Mothers, daughters, friends, wives and lovers—from the late ’70s to the present day—fill the pages of Elissa Schappell’s wise and witty linked short story collection, Blueprints for Building Better Girls. Schappell, a contributing editor at Vanity Fair with an impressive literary pedigree (The Paris Review, Tin House, PEN/Hemingway finalist for Use Me, her debut novel), paints a multifaceted portrait of modern womanhood with the conflicted, interconnected female protagonists of her eight compelling stories.

In “A Dog Story,” New York couple Kate and Douglas struggle to have a baby and decide to adopt a dog, which leads to unforeseen realizations about their relationship. Two young Brooklyn moms take stock of their lives and wonder if they would have children if they had to do it all over again in “Elephant.” Emily, a reformed anorexic, calls her devoted mother for a family chicken recipe in “The Joy of Cooking,” thinking that if she can just make a perfect meal for the new man in her life, she will have some control over her chaotic world. In “I’m Only Going to Tell You This Once,” a mother tells her teenage son about a tragic, defining moment from her past and remembers herself at his age.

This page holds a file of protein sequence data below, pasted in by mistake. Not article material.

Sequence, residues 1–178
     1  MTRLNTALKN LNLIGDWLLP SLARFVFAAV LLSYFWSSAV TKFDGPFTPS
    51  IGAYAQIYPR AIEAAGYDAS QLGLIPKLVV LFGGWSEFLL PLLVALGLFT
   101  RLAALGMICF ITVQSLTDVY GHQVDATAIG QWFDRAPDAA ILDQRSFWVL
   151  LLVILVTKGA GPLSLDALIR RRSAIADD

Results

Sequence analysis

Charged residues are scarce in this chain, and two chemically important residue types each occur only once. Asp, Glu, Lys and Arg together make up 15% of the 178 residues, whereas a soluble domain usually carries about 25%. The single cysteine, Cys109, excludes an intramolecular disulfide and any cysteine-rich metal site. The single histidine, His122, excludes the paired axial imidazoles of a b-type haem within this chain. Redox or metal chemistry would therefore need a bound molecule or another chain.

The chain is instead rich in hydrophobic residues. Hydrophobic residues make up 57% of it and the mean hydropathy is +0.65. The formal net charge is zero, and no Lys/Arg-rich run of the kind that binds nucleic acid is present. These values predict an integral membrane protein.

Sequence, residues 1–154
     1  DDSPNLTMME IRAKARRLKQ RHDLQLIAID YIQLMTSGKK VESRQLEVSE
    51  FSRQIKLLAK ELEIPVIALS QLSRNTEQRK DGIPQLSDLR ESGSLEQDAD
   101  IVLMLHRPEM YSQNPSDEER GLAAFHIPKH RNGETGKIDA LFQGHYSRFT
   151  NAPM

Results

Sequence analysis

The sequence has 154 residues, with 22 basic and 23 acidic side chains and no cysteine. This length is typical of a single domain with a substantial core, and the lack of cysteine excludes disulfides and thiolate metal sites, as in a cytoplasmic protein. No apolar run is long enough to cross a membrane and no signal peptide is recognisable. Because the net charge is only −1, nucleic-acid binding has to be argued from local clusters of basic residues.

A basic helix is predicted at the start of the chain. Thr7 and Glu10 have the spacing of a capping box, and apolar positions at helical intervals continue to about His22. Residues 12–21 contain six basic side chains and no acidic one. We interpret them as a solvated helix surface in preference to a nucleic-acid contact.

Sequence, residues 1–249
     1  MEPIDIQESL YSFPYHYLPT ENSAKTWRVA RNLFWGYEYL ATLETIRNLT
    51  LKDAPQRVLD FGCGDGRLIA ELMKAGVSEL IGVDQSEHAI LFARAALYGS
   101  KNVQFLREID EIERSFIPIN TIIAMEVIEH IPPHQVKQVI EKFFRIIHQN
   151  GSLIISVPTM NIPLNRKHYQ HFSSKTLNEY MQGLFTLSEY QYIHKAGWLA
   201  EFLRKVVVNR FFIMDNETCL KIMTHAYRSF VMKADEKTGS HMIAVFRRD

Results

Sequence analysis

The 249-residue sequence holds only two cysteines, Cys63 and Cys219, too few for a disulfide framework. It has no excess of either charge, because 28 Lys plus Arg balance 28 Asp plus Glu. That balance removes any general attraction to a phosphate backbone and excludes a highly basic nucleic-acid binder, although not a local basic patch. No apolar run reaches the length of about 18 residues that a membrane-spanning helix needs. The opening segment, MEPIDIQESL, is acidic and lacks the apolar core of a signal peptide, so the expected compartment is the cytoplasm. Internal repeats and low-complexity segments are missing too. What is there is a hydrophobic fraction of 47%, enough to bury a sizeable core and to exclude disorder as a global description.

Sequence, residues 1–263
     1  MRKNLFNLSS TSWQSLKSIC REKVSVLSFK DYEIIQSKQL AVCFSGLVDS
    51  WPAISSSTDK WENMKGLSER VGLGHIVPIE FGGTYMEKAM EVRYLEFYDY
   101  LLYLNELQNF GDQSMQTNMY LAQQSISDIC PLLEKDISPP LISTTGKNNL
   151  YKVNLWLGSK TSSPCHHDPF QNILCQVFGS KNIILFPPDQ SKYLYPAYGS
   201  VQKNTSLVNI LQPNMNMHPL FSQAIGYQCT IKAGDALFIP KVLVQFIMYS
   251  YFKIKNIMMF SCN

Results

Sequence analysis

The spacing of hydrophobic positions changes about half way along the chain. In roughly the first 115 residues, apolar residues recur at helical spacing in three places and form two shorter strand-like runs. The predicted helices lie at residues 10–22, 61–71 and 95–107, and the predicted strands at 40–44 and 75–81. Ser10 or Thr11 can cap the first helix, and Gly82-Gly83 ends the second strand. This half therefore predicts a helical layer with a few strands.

Schappell writes with piercing insight and good humor, but one of her greatest gifts is her restraint. In “Are You Comfortable?,” one of the collection’s strongest pieces, we don’t know what caused young Charlotte to take a leave of absence from college and return home to care for her ailing grandfather until the very end of the story. We see Charlotte again as a young mother in “Elephant,” and learn exactly what happened to her through a college friend with problems of her own in “Out of the Blue and into the Black.” Blueprints isn’t a novel in stories, and the pieces certainly stand on their own. But the thoughtful ways in which Schappell ties her characters’ lives together add much to the significance of the collection as a whole. Schappell’s stories read like snapshots—capturing precise moments from a woman’s life from a distinct perspective. Considered together, Blueprints for Building Better Girls is a treasured photo album.

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